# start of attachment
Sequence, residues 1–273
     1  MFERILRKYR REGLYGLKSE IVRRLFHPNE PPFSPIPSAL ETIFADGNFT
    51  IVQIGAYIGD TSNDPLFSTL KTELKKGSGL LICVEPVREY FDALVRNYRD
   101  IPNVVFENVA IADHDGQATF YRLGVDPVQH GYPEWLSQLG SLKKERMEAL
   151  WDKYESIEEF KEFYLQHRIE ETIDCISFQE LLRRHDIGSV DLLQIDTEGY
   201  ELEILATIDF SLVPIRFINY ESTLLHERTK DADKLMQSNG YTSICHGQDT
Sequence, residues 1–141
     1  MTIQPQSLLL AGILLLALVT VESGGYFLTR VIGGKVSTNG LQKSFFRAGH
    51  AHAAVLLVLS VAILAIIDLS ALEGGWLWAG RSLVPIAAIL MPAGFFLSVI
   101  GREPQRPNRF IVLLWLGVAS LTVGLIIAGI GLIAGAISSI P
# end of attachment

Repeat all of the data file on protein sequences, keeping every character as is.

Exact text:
Sequence, residues 1–273
     1  MFERILRKYR REGLYGLKSE IVRRLFHPNE PPFSPIPSAL ETIFADGNFT
    51  IVQIGAYIGD TSNDPLFSTL KTELKKGSGL LICVEPVREY FDALVRNYRD
   101  IPNVVFENVA IADHDGQATF YRLGVDPVQH GYPEWLSQLG SLKKERMEAL
   151  WDKYESIEEF KEFYLQHRIE ETIDCISFQE LLRRHDIGSV DLLQIDTEGY
   201  ELEILATIDF SLVPIRFINY ESTLLHERTK DADKLMQSNG YTSICHGQDT
Sequence, residues 1–141
     1  MTIQPQSLLL AGILLLALVT VESGGYFLTR VIGGKVSTNG LQKSFFRAGH
    51  AHAAVLLVLS VAILAIIDLS ALEGGWLWAG RSLVPIAAIL MPAGFFLSVI
   101  GREPQRPNRF IVLLWLGVAS LTVGLIIAGI GLIAGAISSI P